NonProphet thanks Yahoo! for putting our blog in its directory. Those bespectacled Yahooster reviewers apparently appreciated our No Bull talk on NPO topics. To show my appreciation, you'll now find the Yahoo! search thingy over on the left. Wahoo!
Monday, January 28, 2002
-| Time Out |-
For thousands of New York families, the crisis continues, but for the rest of us, well, we’ve started opening our mail without gloves again. The damage has been done, and not hundreds, not thousands, but hundreds of thousands of charities are still sinking in rotten returns. Are we seeing the greatest excuse for not giving since the Great Depression?
Of course, some organizations are raking in revenues. But they’re the ones that are also paying out astronomically to aid families. So, who’s complaining? My own daughter, living in NY but unscathed by the Unthinkable Act, has managed to get Emergency Disaster Medicaid, and she’s catching up on some long overdue dental work.
Now, I’m just going to mildly remind everyone that life goes on, and that local community nonprofits still have the rent to pay. Corporate giving programs and foundations aren’t off the hook for the ongoing needs of their communities, even though it feels good to be part of the greatest horror ever told. Unfortunately, cultural organizations and those who serve the disadvantaged in little towns can’t spend millions on television advertising. While the Campaign Thermometer soars like a skyscraper elevator for NYC, the little guys get the shaft.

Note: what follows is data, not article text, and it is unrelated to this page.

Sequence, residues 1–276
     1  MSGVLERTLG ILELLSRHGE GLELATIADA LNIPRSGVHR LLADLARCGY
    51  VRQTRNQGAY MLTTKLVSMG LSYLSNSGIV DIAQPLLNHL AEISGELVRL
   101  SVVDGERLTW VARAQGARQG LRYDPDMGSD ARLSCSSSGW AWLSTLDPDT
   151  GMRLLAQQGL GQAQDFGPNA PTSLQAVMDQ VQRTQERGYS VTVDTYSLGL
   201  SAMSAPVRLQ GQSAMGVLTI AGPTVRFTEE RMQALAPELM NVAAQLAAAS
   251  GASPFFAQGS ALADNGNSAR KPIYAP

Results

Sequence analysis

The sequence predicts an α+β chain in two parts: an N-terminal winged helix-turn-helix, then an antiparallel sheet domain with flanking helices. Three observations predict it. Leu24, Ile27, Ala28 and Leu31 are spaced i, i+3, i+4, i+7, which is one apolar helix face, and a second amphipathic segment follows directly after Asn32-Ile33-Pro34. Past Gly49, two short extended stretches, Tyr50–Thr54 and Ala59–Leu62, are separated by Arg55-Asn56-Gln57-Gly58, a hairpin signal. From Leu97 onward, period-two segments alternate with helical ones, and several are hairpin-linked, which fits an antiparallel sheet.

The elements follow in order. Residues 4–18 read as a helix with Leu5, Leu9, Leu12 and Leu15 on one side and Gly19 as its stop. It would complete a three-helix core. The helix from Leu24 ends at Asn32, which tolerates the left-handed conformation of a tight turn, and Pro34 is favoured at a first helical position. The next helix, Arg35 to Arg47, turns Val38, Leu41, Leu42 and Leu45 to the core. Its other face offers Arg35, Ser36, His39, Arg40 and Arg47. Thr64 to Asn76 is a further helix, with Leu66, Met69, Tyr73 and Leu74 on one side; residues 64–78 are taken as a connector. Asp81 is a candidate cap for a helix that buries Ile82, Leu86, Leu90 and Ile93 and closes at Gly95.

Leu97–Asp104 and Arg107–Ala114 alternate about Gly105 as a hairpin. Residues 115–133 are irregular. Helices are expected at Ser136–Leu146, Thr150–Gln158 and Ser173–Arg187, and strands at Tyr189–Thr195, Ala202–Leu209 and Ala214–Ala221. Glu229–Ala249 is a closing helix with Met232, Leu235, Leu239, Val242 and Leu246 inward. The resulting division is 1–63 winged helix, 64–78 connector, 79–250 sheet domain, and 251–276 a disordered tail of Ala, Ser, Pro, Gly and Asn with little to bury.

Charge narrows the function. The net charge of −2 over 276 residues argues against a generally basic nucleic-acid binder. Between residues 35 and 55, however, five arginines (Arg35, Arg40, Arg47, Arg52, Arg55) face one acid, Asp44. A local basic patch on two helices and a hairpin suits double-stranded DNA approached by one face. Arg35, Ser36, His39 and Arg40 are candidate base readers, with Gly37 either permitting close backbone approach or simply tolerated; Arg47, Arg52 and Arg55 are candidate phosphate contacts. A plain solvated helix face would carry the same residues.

I hold out no hope of redirecting one scintilla of media attention toward the mundane and boring business of charity as usual. Every synapse of the collective mind is writhing in epileptic convulsion to the beat of Osama’s drum, throbbing in lock slobber to the march of quasi-war in the pulverized hills of Ladenland. Somebody needs to slap us.
Sunday, January 27, 2002
This gets my Disaster Relief Ersatz Contribution Kitsch (DRECK) Award for the month. PETCO Foundation, the corporate giving component of Petco Animal Supplies (dog insurance, gift cards for pets, travel trouseaux for pets, cat apparel, etc.) has launched its logo onto the tragedy wagon with a $150,000 contribution to train Disaster Dogs. Just in case we get another 9/11, PETCO wants us to be ready! The national nonprofit trade publications have picked this up and helped this company to paste its logo far and wide. For this tour de force of Public Relations Charity, the NetProphet is pleased to present the January DRECK Award to PETCO for its Doberman-sized pile of typically topical public spirit.